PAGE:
RULE 3.9 ADVOCATE IN NONADJUDICATIVE PROCEEDINGS
A lawyer representing a client before a legislative body or administrative
body agency in a
nonadjudicative proceeding shall disclose that the appearance is in a representative capacity and
shall conform to the provisions of Rules 3.3(a) through (e) (d) and
3.4(a) through (c). A lawyer shall
also conform to the provisions of Rule 3.5, except the lawyer may participate in ex parte
communications with members of a legislative body regarding legislative matters but not
 In representation before bodies
engaged in rule-making or policy
making, such as legislatures,
municipal councils, or and executive or and
administrative agencies acting in a rule-making or
policy-making capacity, lawyers present facts, formulate issues and advance argument in
under consideration. The decision-making body, like a tribunal court,
should be able to rely on the
integrity of the submissions made to it. A lawyer appearing before such a body
should must deal
with it honestly and in conformity with applicable rules of procedure. See Rules 3.3(a)
3.4(a) through (c), and 3.5.
 Lawyers have no exclusive right to appear before nonadjudicative bodies, as
they do before a
tribunal court. The requirements of this Rule therefore may subject
lawyers to regulations
inapplicable to advocates who are not lawyers. However, legislative
legislatures and administrative
bodies agencies have a right to expect lawyers to deal with them as
lawyers are required to they deal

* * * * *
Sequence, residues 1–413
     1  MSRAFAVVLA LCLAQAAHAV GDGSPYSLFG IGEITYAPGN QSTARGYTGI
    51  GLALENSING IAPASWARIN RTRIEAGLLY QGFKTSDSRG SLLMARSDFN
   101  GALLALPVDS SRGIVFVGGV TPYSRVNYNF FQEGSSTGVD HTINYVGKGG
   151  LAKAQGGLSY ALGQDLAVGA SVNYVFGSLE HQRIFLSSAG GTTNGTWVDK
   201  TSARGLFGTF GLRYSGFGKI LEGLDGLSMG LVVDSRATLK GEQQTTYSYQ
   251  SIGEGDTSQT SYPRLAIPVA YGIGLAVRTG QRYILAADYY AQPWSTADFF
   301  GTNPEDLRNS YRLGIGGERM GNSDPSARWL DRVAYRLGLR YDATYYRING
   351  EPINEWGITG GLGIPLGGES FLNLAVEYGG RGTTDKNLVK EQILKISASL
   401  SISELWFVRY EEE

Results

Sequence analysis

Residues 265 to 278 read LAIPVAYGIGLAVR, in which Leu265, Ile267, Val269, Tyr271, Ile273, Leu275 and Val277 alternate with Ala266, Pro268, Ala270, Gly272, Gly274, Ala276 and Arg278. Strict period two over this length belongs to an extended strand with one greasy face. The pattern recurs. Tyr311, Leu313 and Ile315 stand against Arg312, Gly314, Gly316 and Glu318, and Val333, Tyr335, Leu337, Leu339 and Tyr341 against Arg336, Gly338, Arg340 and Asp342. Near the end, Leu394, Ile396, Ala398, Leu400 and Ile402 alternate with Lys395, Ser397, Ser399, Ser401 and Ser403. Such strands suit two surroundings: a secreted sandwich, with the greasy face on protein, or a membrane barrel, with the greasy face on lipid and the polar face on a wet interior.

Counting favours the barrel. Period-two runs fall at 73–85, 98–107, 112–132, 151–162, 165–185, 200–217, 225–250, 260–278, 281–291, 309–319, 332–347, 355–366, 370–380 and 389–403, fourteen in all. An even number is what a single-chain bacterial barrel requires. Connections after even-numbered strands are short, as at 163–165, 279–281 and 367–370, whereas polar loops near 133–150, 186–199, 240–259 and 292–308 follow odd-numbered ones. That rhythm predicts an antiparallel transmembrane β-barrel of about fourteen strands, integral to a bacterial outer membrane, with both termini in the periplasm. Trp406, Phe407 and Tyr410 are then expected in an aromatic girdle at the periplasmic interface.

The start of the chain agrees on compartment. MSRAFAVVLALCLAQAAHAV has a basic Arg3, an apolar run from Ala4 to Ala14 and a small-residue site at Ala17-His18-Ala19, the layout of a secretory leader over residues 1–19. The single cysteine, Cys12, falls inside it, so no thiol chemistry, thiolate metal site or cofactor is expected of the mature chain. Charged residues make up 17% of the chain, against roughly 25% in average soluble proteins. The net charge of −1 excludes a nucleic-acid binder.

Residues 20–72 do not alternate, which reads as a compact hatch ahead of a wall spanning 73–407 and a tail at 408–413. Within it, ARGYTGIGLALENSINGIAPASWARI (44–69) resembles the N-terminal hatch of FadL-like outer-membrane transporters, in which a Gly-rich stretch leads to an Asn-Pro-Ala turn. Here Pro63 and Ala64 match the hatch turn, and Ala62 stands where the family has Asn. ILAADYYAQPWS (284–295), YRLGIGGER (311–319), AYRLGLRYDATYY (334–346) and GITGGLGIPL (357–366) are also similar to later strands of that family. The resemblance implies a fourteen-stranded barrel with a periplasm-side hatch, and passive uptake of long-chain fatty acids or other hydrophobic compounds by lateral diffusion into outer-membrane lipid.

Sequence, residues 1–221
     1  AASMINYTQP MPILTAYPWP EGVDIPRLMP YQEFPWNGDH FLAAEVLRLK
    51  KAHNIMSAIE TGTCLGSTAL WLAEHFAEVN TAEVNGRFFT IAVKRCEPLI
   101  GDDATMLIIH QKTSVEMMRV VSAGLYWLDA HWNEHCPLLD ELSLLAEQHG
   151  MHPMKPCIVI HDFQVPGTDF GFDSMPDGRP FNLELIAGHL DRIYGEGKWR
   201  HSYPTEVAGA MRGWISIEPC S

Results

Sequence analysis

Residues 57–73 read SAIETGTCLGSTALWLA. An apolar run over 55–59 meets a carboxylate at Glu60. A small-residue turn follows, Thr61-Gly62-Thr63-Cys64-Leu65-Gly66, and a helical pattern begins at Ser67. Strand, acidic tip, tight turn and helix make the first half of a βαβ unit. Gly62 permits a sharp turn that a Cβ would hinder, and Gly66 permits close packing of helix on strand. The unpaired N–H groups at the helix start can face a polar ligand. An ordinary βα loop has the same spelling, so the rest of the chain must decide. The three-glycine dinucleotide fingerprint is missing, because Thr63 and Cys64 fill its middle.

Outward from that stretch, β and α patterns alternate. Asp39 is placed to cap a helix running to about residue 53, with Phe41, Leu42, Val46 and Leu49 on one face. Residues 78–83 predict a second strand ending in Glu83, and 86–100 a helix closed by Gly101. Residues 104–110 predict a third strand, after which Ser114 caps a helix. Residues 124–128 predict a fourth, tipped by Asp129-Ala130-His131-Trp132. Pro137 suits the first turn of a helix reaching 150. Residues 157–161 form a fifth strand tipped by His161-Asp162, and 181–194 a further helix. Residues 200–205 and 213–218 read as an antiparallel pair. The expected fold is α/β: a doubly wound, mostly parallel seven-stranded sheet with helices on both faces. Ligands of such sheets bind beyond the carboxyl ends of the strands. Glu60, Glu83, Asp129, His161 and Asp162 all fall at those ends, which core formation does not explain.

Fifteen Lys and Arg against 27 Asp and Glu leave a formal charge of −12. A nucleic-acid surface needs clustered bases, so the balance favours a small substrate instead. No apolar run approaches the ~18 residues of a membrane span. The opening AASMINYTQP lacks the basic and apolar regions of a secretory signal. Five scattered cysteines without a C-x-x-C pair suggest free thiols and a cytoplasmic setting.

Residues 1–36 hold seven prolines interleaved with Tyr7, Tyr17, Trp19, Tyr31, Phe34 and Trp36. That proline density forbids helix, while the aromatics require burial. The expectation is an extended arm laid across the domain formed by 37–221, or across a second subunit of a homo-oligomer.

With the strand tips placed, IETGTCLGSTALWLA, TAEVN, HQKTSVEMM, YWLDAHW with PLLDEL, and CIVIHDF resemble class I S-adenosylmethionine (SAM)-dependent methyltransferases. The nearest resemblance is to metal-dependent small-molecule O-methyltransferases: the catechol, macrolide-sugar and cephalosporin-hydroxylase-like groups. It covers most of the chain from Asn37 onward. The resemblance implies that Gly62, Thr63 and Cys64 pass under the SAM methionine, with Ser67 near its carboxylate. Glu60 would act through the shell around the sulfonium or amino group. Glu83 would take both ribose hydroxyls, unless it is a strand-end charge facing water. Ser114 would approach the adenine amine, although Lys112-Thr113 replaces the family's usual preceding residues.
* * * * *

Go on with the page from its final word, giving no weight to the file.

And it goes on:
with tribunal courts.
 This Rule only applies when a lawyer represents a client in connection with an official hearing or meeting of a governmental agency or legislative body to which the lawyer or the lawyer's client is presenting evidence or argument. It does not apply to representation of a client in a negotiation or other bilateral transaction with a governmental agency or in connection with an application for a license or other privilege or the client's compliance with generally applicable reporting requirements, such as the filing of income tax returns. Nor does it apply to the representation of a client in connection with an investigation or examination of the client's affairs conducted by government investigators or examiners. Representation in such matters is governed by Rules 4.1 through 4.4.
Reference: Minutes of the Professional Conduct Subcommittee of the Attorney Standards Committee on 09/20/85 and 01/10/86; Minutes of the Joint Committee on Attorney Standards Meeting of 12/01/95, 06/11/96, 06/08/04, 03/18/05, 06/14/05.